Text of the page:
Okay friends, do you think differently now about manifesting? Are you open to it a little bit more maybe? Did anything shift with you? And at the very least did it just allow you to open up a little bit about what you think is possible in your life? I hope that happened for you. One of our core values of our company, Tobi Fairley is a belief in what’s possible. So this goes hand-in-hand with that and I hope you’re thinking bigger about what’s possible for you.
And if you want to get Lana’s book, she created a specific link for us, listeners of our podcast can go grab it, a free copy of her book that’s called Manifest That Miracle. And you can get that by going to lanashlafer.com/tobi – T.o.b.i. So we’ll put it in the show notes, but go check it out. You can get the book for yourself absolutely free thanks to Lana. And let us know what you think about it, what you think about the book, what you think about this episode. I can’t wait to hear from you.
And I’m expecting big things for you guys. We’ve got, what, five or so months still left in the year, to create some impossible stuff in our lives if we haven’t done that already. So I’m rooting for you. I’m here for you and I’m excited to see exactly what’s possible for all of us in the very near future.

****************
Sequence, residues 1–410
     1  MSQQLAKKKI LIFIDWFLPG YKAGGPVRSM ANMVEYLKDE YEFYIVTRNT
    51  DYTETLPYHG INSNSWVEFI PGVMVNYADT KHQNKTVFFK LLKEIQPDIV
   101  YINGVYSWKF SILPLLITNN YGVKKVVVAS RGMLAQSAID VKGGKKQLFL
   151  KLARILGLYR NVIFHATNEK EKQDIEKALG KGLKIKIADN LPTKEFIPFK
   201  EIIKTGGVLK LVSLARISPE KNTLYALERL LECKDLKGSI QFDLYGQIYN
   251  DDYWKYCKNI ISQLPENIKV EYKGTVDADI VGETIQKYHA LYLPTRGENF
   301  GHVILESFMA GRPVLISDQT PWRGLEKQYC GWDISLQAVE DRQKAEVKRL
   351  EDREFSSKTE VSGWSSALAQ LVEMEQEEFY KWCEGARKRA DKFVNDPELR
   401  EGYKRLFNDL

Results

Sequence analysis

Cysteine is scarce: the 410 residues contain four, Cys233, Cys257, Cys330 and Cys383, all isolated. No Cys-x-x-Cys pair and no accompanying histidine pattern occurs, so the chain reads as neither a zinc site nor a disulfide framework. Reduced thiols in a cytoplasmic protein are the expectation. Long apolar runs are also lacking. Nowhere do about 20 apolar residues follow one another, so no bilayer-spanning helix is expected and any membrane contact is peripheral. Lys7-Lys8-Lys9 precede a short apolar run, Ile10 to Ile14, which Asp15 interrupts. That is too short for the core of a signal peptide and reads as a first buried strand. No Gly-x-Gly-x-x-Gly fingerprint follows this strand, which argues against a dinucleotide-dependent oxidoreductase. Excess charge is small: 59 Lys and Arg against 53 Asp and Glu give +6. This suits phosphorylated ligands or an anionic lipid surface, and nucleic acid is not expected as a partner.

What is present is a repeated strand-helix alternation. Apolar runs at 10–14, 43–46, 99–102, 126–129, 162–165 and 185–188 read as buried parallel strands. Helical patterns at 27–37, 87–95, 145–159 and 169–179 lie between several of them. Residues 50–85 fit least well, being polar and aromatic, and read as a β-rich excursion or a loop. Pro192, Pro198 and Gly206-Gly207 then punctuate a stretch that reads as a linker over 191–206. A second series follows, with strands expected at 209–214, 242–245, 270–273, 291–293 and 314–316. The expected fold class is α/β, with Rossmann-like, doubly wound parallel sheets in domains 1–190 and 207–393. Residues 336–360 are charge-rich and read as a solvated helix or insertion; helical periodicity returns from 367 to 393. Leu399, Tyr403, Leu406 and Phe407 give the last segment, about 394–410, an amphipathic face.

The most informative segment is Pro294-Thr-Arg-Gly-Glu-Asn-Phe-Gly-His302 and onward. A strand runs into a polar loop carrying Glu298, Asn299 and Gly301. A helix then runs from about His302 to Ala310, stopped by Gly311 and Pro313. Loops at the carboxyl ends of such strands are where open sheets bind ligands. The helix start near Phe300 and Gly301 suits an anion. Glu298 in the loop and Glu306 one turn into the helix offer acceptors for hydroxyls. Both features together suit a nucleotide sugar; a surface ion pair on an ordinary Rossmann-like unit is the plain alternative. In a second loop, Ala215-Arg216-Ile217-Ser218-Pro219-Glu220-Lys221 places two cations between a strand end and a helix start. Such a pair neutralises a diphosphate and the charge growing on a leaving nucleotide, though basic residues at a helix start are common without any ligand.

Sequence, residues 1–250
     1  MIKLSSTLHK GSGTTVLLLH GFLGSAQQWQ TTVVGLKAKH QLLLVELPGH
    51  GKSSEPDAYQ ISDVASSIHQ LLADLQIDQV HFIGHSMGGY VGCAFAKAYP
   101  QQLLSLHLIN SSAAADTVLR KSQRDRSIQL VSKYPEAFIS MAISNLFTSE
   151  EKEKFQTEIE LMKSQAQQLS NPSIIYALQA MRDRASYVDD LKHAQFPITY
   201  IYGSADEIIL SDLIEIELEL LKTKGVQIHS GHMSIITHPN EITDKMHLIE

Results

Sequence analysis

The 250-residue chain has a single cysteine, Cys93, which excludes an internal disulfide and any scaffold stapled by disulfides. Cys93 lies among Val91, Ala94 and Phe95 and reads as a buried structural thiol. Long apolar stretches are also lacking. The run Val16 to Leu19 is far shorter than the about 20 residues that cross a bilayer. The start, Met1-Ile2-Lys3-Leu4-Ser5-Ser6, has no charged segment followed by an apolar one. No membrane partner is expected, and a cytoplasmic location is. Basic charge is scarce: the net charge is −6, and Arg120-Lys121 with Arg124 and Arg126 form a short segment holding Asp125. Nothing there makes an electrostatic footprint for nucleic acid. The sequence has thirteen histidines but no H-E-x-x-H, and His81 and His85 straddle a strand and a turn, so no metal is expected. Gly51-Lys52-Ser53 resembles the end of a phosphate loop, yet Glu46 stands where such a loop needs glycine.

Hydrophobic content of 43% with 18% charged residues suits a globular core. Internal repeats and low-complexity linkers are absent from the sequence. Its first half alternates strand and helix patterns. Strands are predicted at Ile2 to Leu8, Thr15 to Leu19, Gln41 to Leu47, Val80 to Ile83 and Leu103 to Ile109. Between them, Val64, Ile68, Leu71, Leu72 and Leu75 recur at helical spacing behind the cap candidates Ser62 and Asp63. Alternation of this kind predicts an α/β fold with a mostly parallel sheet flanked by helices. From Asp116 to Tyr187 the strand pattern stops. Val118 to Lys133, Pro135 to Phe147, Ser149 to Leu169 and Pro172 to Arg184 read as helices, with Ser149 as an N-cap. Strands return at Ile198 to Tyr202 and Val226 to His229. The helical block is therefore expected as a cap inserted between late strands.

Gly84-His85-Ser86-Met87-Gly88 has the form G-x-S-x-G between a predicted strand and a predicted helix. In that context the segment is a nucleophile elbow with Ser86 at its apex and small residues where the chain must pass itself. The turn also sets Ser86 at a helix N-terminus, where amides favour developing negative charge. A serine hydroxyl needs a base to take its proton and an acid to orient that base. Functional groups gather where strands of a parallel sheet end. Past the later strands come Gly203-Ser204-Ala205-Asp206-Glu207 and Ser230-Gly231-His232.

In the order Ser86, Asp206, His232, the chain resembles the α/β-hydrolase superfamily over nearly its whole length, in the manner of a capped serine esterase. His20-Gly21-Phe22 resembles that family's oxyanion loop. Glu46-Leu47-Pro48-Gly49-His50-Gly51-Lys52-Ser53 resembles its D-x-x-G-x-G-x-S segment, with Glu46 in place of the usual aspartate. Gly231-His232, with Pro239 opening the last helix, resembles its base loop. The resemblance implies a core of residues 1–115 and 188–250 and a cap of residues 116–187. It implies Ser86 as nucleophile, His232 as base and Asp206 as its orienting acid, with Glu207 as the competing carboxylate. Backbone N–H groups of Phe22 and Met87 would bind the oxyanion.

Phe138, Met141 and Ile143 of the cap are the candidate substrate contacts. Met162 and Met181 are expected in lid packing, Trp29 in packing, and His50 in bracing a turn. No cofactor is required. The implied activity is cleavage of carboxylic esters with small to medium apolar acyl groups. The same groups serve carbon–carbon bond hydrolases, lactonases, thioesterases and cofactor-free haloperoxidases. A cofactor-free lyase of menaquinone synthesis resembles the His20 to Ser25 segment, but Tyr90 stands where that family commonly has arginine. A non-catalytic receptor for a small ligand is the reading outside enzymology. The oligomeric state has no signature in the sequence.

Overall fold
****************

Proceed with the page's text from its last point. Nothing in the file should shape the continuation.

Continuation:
And I’ll see you back here next week with another episode of The Design You Podcast. Bye for now.
Thank you so much for listening to the Design You podcast, and if you are ready to dig deep and do the important work we talk about here on the podcast of transforming your mindset and creating a scalable online business model, there has never been a more important time than right now. So join me and the incredible creative entrepreneurs in my Design You coaching program today. You can get all the details at TobiFairley.com.